Sunday, March 15, 2009

The role of organizational politics in Software Engineering and Software Architecture design

This is a very important topic I've been examining for a number of years. While my Ph.D. work on "the cost of organizational politics on software engineering" is many years away it's important to raise the awareness of this subject matter.

The topic of organizational politics is not new. The concept surfaced in 1958 and in early 1980's the topic was actively studied and analyzed. There is no definitive guidance since it's a challenging topic to study; after all this is about the behavior of people. There are many factors that shape the game of politics: individual values and ethics, organization's structure and the way of life (e.g. "cooking books"), environmental conditions (e.g. market stress), and performance reward criteria (e.g. measuring and rewarding the wrong results). What's clear from research is that there is a distinction between an actual political behavior and a perception of a political behavior. For a software architect it's important to recognize and manage both.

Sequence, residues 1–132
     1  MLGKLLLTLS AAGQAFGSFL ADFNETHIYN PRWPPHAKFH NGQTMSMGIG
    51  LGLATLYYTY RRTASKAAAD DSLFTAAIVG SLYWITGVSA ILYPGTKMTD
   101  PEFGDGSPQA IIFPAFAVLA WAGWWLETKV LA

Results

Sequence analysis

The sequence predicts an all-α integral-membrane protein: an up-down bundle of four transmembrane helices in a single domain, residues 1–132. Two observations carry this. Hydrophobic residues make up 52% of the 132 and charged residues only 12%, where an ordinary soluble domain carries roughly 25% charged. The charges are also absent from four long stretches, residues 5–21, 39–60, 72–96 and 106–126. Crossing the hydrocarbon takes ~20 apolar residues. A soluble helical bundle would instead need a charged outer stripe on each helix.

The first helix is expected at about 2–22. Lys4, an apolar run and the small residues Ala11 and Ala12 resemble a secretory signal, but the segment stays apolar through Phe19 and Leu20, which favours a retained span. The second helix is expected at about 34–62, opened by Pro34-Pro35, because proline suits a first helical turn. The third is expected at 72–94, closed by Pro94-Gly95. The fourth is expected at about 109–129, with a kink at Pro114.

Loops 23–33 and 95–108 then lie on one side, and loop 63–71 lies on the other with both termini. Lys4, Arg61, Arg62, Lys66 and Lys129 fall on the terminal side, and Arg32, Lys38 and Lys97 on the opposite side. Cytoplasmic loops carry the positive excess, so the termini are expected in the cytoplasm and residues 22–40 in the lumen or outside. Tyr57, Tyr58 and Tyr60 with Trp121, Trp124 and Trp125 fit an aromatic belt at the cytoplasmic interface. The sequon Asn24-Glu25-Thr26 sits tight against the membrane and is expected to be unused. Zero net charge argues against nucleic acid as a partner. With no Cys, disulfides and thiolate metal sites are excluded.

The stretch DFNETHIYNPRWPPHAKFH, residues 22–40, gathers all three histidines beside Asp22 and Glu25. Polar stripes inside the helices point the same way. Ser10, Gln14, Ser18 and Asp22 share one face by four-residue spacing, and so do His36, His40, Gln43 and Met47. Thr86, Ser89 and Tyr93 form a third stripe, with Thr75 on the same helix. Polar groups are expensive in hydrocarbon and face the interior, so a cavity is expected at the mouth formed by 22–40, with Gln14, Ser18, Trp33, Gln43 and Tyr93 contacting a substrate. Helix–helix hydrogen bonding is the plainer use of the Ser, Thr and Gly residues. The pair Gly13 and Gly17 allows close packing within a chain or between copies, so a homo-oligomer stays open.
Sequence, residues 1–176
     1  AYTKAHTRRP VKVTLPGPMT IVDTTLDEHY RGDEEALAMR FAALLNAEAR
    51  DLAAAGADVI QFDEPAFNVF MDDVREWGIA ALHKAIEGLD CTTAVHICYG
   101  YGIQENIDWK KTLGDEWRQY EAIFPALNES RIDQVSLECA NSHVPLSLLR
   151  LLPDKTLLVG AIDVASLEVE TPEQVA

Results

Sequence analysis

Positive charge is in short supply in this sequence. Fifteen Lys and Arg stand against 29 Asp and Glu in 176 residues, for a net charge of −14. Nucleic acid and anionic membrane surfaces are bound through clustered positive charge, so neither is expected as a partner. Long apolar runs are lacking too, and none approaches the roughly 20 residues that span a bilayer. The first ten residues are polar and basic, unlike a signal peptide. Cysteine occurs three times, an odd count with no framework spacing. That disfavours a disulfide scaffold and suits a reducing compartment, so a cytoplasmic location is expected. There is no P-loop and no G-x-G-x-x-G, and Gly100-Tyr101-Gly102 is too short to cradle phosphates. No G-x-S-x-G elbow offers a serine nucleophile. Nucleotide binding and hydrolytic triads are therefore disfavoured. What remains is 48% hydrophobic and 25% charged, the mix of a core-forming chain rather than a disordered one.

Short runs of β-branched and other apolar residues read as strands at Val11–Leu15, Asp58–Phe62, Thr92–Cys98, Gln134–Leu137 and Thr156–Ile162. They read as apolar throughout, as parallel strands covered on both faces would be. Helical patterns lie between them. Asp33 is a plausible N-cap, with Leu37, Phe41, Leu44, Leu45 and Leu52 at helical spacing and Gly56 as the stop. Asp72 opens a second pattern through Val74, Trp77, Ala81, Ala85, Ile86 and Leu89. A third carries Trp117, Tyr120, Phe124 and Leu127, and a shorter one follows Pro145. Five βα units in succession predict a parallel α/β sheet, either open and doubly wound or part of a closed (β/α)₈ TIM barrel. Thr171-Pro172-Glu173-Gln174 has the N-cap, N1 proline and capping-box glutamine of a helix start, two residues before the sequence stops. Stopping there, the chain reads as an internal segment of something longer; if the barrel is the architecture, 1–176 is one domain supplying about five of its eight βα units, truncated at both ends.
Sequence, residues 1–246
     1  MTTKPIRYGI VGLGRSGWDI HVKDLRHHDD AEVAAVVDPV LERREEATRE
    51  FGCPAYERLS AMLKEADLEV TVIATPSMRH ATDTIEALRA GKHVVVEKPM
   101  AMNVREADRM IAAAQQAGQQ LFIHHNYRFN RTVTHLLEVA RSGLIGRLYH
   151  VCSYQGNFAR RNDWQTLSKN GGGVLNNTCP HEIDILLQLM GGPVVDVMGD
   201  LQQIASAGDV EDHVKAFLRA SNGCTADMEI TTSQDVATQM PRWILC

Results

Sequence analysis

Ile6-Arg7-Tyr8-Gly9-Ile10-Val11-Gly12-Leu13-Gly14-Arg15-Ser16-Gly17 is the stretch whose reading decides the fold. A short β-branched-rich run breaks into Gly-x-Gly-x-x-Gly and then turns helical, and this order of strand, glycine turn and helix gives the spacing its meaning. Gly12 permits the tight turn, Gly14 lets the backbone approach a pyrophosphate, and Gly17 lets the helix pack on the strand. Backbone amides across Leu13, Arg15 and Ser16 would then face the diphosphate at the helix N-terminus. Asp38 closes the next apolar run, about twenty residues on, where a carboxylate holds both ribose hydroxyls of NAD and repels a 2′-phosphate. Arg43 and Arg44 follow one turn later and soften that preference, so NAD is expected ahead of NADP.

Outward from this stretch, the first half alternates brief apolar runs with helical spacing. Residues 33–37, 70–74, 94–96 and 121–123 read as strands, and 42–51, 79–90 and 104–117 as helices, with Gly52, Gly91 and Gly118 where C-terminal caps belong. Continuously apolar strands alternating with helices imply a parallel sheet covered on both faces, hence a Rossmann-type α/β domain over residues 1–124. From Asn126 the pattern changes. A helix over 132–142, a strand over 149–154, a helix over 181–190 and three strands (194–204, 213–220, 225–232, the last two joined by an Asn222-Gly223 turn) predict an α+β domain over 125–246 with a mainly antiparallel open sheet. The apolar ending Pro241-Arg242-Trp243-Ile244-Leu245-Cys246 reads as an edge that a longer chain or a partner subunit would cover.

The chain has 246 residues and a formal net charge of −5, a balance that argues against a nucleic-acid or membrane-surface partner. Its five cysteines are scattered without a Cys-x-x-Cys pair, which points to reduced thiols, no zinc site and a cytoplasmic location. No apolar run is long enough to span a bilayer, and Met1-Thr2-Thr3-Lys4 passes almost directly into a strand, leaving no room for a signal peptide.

Design choices in software architecture are often based on experience and human factors, but architects often don't recognize this. It's natural since most software architects came from the trenches of software development where programming activities are closer to the actual implementation and hence more structured.

Some questions to consider:
- Does your organization openly recognize design constraints? E.g. organization has made a commitment to J2EE platform for solutions of type X.
- Is the effort of analyzing design alternatives, if exists, seriously considered when a design approach is selected?
- Are you aware how you personally avoid, reduce, or promote organizational politics? Not all politics are detrimental. The political game can be played to promote the goodness of software architecture design and implementation process.

It's good to admit that politics play a role in the design process. Actually it's healthy to admit so as it shows maturity of an organization or a team / person.

Remember that you as an architect make conscious and unconscious decisions in your day to day activities that may be perceived by others as political decisions. To protect yourself from unintentional consequences be sure that your personal priorities do not become your team's agenda, else the team chemistry is going to change and you're not going to like the result.

Constantin K.
Firebrand Architect®

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